This article was taken from: https://www.telegraph.co.uk/news/2018/08/28/gps-should-prescribe-holidays-help-patients-risk-heart-disease/
Holidays should be prescribed by GPs to help people at risk of heart disease live longer, new research shows.
Heart experts said doctors should recommend a break to middle-aged patients trying to overhaul their health – not just tick them off about bad habits.
The 40-year study found that such patients were a third more likely to die young if they took less than three weeks off each year.
The Finnish research involved 1,200 businessmen who were at risk of heart disease because of their weight, or signs of high blood pressure or high cholesterol. Half were given strict advice to lose weight, take up exercise and put on standard medications.
But the study, presented at the European Society of Cardiology conference in Munich, found those given the warnings were slightly more likely to die young than those who had been left to their own devices.
Scientists said the attempts at lifestyle overhauls may have raised their stress levels – doing more harm than good. However, among this group, men who took plenty of holidays lived far longer than those who did not.
Those who took less than three weeks holiday annually were 37 per cent more likely to die young over the next 30 years.
Lead researcher Professor Timo Strandberg, from Helsinki University, said GPs should prescribe holidays to those who had fallen into unhealthy habits, rather than heap guilt on patients who had fallen into bad habits.
“A businessman with a high status in society goes to the doctor and the doctor says you must reduce weight and stop smoking, and if you can’t do it you get stressed,” he said.
The difference between the group who took plenty of holidays, and those who did not was “clear and significant”, he said.
“The men who had shorter vacations – which means less than three weeks annually – had higher mortality than those who had longer vacations,” he said.
“Aggressive lifestyle modifications bring increased stress and may be unhealthy for individuals who are vulnerable.”
“Don’t think having an otherwise healthy lifestyle will compensate for working too hard and not taking holidays. Vacations can be a good way to relieve stress.”
Those who took less holiday worked more and slept less than those who took plenty of time off work, he added.
Professor Joep Perk, spokesman for the European Society of Cardiology, said people need to relax, as well as try to be healthy.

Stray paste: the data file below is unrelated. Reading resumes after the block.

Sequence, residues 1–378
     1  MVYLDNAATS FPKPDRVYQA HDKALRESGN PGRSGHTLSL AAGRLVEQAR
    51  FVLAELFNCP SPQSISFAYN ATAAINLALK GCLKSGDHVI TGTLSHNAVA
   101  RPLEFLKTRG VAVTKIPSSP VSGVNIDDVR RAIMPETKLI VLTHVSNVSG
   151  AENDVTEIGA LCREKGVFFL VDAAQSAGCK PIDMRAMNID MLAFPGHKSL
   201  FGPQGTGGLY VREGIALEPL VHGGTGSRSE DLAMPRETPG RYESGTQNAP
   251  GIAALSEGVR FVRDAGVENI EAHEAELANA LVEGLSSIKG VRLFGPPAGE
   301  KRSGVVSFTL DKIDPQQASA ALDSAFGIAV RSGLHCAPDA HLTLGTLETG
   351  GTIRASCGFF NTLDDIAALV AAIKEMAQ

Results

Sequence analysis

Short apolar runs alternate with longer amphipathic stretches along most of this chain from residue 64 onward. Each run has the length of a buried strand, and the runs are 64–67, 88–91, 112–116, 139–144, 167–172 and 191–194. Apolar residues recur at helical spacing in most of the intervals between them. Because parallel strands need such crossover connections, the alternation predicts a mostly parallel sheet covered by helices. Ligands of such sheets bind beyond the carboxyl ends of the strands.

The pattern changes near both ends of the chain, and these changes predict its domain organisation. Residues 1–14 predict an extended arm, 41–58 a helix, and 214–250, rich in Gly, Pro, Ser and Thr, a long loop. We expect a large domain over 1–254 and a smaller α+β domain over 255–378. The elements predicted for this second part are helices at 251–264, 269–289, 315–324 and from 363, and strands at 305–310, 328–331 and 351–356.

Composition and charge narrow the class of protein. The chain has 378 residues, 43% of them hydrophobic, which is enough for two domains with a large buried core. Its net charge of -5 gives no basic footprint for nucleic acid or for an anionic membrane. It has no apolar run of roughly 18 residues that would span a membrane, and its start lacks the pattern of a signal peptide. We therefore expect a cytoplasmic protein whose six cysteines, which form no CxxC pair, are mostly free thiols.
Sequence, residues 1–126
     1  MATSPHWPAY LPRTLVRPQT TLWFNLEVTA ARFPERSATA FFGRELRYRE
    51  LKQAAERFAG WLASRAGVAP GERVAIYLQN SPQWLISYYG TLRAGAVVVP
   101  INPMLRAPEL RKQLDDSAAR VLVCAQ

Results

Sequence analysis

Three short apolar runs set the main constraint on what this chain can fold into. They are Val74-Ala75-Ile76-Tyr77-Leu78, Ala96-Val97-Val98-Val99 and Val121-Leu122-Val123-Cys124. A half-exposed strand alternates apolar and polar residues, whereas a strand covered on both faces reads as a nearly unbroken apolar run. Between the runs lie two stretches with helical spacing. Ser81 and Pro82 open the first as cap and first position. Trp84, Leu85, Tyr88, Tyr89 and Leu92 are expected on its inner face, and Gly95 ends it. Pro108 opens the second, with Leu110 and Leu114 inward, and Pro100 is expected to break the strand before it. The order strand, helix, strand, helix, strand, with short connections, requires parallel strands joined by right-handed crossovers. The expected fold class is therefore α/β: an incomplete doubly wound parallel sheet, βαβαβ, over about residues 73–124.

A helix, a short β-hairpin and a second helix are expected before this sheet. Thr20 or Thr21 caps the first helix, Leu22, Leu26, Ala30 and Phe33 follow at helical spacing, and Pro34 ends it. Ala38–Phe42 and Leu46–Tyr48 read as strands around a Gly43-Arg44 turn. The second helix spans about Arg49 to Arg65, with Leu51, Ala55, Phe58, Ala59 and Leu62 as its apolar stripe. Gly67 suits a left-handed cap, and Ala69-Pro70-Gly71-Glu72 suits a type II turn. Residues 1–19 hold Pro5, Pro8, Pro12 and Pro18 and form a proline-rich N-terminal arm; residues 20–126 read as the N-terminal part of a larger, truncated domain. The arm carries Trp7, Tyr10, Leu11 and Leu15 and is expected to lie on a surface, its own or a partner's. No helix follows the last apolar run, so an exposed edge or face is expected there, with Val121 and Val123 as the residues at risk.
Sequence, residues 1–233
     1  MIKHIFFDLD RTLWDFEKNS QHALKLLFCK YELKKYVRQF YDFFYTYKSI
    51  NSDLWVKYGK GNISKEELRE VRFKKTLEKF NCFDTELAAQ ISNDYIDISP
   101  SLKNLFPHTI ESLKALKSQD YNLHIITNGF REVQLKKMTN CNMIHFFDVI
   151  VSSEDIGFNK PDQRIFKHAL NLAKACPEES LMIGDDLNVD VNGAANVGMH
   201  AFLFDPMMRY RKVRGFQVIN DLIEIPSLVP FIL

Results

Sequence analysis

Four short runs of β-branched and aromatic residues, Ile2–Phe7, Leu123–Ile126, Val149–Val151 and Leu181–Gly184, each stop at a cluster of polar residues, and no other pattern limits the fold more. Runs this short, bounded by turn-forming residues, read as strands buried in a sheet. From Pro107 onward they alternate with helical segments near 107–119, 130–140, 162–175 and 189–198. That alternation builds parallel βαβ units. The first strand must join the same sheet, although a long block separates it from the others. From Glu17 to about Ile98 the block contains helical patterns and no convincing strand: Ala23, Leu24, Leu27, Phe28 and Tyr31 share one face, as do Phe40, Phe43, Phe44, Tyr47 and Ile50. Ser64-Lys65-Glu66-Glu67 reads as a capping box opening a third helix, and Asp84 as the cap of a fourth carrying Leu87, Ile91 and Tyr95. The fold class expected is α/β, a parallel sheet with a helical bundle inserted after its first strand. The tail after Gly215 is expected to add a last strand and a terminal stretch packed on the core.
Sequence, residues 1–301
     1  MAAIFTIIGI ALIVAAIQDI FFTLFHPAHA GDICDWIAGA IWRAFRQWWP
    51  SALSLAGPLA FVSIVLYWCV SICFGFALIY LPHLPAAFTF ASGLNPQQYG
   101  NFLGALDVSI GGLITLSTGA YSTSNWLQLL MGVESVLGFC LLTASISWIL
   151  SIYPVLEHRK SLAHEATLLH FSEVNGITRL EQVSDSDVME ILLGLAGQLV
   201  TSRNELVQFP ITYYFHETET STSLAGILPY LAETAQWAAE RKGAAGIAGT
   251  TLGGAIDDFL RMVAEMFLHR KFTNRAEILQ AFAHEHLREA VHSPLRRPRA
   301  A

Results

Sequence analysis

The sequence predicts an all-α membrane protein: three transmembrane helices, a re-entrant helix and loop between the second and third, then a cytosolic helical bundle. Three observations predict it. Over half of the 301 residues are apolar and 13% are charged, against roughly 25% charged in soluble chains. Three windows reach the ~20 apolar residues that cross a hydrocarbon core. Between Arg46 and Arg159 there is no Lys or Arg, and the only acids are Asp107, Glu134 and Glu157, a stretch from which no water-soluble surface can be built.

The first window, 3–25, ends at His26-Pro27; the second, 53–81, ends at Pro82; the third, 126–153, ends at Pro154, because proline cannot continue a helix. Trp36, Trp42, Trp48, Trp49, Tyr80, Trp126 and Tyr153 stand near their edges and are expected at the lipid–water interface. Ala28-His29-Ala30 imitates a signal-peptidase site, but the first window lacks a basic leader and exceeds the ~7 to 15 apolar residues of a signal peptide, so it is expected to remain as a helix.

Too often those who were given a wake-up call about their health became “fanatical” about their lifestyles, he said.
“There is a lot of stress, they run around. I sometimes wonder whether is this healthy, and this study shows the enormous stress of changing lifestyle may have a bad effect on some people.
“Asking 95 year old people what was the reason they reached 95, almost always the response I get was ‘I enjoyed life, I had a nice time’. It’s not about chasing risk factors. Don’t forget to enjoy life, you only have one.”
At a glance | Heart disease
Coronary heart disease (CHD) is caused by the build-up of fatty substances on the walls of the arteries around the heart. The build-up of these fatty deposits make the arteries narrower, restricting the flow of blood to the heart. This process is called atherosclerosis.
This can be caused by a number of lifestyle factors and conditions, including smoking, high cholesterol, high blood pressure and diabetes. Other risk factors include obesity and family history of CHD.
Symptoms can include:
- Chest pain – this can be a mild, uncomfortable feeling similar to indigestion.
- If the arteries become completely blocked by a build-up of fat it can cause a heart attack
- Heart palpitations
- Unusual breathlessness
Treating heart disease:
There is no cure for heart disease but treatment can help manage the symptoms and reduce the risk of any further problems. The main treatments are:
- Lifestyle changes – more exercise, healthy eating and stopping smoking can help prevent further effects of CHD.
- Medicines – they aim to reduce blood pressure and to widen arteries, these include beta-blockers, nitrates and calcium channel blockers.
- Surgery – If symptoms cannot be controlled by lifestyle changes or medication there are surgical procedures to open up or bypass blocked arteries.
Professor Jeremy Pearson, Associate Medical Director at the British Heart Foundation, said: “Everyone is affected by stress. Some thrive on it but, for others, extreme or prolonged stress can prove detrimental to their heart health.
“Stress may be a trigger for smoking, drinking more alcohol and eating unhealthily, which in turn increases the risk of developing coronary heart disease – the most common cause of a heart attack.
“Taking time out can be a great way to relieve tension, but you can also talk to friends and family and use your support network to share any troubles.
“Adopting a healthy diet and getting regular exercise can also help, but it’s important any changes are sustainable and don’t become another source of stress.
“If you’re worried about how your stress levels might be impacting your heart health, you should speak to your GP.”